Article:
This Is Why You Need To Know Who Your Daughter Follows On Social Media


Parenting: Teens, Social Media, and ‘Thinspiration’


On the whole, teenage girls don’t like their bodies. They’re insecure, self-conscious and when they look in the mirror they body bash – I hate my body. My thighs are fat. My stomach isn’t flat. My hips are too wide. My body is disgusting.

How did we get here?

Teen girls are bombarded with pics like this on social media

Teen girls are bombarded with pics like this on social media

On a daily basis teenage girls are hit with images of rake thin models with photoshop-perfect butts, thighs, and abs. They read magazine articles about celebrities who are torn to pieces for not looking (god forbid) picture perfect and slammed for being too skinny or too fat (read anyone who isn’t a size 6). What teen girls learn from the media is that being skinny isn’t just important, it’s everything. The number on the bathroom scales doesn’t just tell you your weight – it tells you your worth. But it gets worse.

As if the unrealistically skinny models and digitally enhanced images seen in magazines aren’t bad enough, now there’s social media and thinspiration. Pages that ‘inspire’ weight loss with before and after pictures, pictures of girls with tiny waists and flat stomachs, box gap selfies and ‘inspirational’ quotes like

“Because the pain of looking in the mirror hurts more than starving” and “All of the pain that you go through today will be worth it on the scales tomorrow” or “Eat Junk. Look like Junk. Eat clean. Look lean”. It’s toxic to insecure teenage girl who are still learning to be body confident.

I have no doubt that the people who post thinspirational material believe that by inspiring others to achieve weight loss they’re helping others to be happy. I also have no doubt that these same people believe their attitude towards food, body shape, and weight is healthy. That’s the thing about eating disorders though, when you have one, you don’t think you do.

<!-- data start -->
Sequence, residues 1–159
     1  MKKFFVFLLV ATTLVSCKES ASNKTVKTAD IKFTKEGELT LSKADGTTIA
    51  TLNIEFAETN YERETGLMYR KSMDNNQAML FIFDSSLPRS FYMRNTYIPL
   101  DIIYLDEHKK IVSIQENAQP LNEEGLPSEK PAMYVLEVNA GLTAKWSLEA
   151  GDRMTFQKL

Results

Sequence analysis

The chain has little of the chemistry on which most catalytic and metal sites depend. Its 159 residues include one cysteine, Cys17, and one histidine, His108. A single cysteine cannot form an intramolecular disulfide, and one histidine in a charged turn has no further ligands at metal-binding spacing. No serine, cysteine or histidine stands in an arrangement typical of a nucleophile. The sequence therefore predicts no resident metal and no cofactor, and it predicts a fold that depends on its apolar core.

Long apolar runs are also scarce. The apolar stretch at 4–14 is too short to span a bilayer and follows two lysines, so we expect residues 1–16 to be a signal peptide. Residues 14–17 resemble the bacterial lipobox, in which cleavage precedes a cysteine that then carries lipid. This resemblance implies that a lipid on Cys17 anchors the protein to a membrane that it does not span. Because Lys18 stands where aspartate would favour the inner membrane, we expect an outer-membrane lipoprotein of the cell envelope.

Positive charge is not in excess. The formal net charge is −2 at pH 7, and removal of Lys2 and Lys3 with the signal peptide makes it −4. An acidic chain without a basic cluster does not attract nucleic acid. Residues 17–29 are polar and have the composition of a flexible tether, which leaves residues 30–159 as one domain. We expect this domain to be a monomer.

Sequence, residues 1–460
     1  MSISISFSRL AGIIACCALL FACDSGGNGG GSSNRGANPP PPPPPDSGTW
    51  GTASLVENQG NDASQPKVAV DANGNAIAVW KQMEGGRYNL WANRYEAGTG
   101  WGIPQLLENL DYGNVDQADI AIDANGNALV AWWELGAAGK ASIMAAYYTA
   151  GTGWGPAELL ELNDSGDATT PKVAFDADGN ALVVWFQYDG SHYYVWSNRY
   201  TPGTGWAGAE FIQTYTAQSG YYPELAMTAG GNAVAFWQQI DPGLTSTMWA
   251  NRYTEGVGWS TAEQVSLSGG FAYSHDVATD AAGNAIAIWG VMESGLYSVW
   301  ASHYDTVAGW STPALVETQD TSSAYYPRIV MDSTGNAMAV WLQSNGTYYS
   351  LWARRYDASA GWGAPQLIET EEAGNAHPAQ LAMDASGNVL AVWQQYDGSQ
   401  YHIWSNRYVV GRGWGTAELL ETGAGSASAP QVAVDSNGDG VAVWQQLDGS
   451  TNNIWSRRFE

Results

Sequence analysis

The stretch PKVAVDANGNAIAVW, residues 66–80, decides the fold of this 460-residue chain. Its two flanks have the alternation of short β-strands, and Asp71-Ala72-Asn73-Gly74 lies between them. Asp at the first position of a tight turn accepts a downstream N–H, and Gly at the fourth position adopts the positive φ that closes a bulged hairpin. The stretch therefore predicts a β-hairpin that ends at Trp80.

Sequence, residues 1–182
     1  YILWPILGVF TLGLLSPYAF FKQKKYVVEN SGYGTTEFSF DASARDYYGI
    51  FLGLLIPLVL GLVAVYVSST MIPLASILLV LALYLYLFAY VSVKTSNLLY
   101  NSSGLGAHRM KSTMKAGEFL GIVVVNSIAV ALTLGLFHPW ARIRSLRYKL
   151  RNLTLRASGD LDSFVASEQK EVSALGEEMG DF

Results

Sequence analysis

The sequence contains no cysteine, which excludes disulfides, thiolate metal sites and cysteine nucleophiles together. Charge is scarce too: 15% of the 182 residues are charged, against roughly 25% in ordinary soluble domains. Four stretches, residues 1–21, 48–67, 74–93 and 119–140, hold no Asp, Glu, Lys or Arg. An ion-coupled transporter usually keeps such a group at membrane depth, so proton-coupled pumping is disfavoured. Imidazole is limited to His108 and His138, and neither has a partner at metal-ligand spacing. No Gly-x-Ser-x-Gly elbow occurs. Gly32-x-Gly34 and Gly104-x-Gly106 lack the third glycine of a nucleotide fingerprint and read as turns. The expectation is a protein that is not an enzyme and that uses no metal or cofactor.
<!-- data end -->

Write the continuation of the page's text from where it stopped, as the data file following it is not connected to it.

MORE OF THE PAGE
Let me be clear – there is no healthy way to maintain an unhealthy body weight.

For the record - you can't measure your worth metrically

For the record – you can’t measure your worth metrically – you’re worth more than that

If you are a thinspiration blogger be aware of the power of your words because once you publish content on the web, anyone can read it. I’m sure you don’t post maliciously or with the intent of teaching teenage girls that they’re only worthwhile if they’re skinny, but you can’t control your audience, only your words. Unintentionally, your thinspiration could be the difference between someone developing body confidence and someone developing an eating disorder. You will probably disagree with me, argue that I’m wrong, but what if I’m not wrong….what if I’m right and your words trigger an eating disorder in someone who might otherwise not have developed one?

Your words are powerful. Post responsibly.

And for the record – there’s far more interesting things about you than how many calories you’ve eaten or how many hours you’ve managed to go without food. You are worth so much more than a number on the scales. Try to remember that.

Dr. Sarah Hughes is a clinical psychologist and the founder of Think Clinical Psychologists. She enjoys working with children, adolescents, and adults, and specialises in anxiety, depression, postnatal depression, eating disorders, self-harm, and challenging behaviour.


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